children indulge in word based humour, usually related to taboo topics such as bathroom humour. Another type of humour observed was funny sounds, weird voices and rude sounds. During playtime, clowning around and the use of their body as a form of expression to make the other laugh was quite common. This included making funny faces, silly poses and dancing. The study also found that the type of humour varied with the age gap between the siblings. There is still a lot more research that needs to be done in this field that could shed light on the importance of humour in child development and their psychological well being. If we can identify the subtle differences in the kinds of humour between siblings, we can further understand the role of humour in a child’s social relationships.

THE COOLEST HUMMINGBIRD OF THE ANDES In the highlands of the Peruvian Andes spot the jewels of the avian world. Known for their diversity of Hummingbirds, these tropical forests support a variety of nectar bearing flowers.

Hummingbirds get their name from the sound that is produced from their wings. With the highest record of wing flapping of almost 70 beats per second, hummingbirds have developed the ability to hover over flowers. These small sized birds need to consume close to half their body weight daily, which means they feed every 10 to 15 minutes during the day! The forests of the Peruvian highlands though a rainforest tend to get extremely cold at night with temperatures reaching below freezing. In this climate, researchers came across a species of hummingbird that resorts to extreme torpor (a state of inactivity) to survive the cold.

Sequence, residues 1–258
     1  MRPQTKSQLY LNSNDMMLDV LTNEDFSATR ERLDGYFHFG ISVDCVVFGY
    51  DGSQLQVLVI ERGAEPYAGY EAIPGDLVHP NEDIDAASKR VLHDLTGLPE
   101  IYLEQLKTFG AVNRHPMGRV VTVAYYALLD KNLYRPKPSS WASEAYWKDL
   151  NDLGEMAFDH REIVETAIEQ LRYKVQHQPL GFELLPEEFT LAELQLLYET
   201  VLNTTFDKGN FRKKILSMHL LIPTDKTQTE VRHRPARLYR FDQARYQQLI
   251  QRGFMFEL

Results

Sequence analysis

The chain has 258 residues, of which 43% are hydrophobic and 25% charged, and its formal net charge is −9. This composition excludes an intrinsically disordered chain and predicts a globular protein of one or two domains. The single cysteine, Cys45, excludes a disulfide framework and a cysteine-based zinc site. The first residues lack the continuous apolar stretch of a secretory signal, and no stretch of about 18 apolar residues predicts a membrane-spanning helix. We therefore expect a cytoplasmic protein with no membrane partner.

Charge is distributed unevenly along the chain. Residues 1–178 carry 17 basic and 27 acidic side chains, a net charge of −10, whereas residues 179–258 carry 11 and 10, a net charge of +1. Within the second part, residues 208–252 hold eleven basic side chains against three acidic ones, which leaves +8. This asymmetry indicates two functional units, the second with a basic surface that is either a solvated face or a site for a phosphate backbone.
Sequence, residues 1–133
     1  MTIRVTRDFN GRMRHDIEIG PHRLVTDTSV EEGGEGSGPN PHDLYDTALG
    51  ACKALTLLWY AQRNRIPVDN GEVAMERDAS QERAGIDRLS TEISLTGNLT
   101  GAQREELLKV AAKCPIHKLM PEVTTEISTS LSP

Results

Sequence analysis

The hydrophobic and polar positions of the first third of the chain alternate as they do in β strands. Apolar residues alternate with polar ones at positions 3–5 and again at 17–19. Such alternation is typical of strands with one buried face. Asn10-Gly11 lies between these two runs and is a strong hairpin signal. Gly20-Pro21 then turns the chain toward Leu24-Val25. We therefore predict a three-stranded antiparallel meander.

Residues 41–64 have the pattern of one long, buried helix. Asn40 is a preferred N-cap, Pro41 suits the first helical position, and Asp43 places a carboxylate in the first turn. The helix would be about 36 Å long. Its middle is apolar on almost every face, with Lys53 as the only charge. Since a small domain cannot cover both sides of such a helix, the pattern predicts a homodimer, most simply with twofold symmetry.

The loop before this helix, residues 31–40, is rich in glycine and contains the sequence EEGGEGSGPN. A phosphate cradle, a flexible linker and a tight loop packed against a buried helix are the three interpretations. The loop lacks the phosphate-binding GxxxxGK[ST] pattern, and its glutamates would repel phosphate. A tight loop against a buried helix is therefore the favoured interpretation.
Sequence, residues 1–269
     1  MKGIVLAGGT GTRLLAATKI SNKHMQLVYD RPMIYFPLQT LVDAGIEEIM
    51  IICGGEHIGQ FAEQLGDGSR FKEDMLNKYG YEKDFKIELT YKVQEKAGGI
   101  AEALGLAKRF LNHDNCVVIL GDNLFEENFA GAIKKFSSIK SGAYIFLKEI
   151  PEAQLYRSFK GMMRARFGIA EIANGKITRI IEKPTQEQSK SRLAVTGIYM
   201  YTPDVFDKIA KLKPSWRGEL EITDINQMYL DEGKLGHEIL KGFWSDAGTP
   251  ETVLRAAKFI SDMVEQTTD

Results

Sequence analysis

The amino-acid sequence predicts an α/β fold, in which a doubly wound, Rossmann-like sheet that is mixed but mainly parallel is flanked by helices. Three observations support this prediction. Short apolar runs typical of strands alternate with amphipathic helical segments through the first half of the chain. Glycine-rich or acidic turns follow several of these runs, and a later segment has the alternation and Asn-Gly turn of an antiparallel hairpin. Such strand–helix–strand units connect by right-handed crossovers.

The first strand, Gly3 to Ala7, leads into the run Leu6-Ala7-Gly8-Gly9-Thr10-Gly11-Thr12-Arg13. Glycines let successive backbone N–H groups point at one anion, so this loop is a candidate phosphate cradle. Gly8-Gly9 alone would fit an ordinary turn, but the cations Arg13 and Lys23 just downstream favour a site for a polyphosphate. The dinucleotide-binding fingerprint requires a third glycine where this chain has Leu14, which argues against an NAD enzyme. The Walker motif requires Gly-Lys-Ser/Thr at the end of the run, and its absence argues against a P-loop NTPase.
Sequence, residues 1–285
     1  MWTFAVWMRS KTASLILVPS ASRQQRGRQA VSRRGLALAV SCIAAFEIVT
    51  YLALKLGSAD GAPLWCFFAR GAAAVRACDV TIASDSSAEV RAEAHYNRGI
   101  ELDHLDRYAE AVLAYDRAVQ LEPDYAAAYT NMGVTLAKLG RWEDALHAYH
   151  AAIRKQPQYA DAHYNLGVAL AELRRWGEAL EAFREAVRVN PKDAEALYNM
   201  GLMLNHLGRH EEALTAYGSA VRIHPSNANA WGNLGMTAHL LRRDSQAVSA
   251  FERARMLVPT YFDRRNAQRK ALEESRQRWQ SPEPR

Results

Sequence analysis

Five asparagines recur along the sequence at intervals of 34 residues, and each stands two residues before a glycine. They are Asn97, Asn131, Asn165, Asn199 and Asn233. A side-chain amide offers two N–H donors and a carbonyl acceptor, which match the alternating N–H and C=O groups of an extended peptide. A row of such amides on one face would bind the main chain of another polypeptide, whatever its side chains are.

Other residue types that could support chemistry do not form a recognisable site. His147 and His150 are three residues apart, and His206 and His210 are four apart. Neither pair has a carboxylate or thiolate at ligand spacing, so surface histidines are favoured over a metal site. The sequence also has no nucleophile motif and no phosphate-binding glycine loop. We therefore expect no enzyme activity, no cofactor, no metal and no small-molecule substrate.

The Black Metaltail hummingbird slows its body functions and suspends all movements to such an extent that its body cools down to 3.26°C. Blair Wolf from the University of New Mexico in Albuquerque says ‘This is the lowest body temperature recorded in a bird or non hibernating animal.’ Wolf and his team observed 26 individuals during the night and recorded their body temperatures as part of their study. They learnt that this adaptation allows them to save almost 95% of their energy, allowing them to adapt and flourish at such a high altitude. With the first rays of the sun, the birds begin to thaw and rev up their bodies, just like an engine, by quivering, before setting off on their daily foraging routine.

The Black Metaltail Hummingbird www.trailblazersindia.com www.trailblazersindia.com


EDUCATOR'S COLUMN

how do YOUR CHILDren grow?

Ms. Alka Deshpande a professional in the field of Early Childhood Education shares her views on parenting.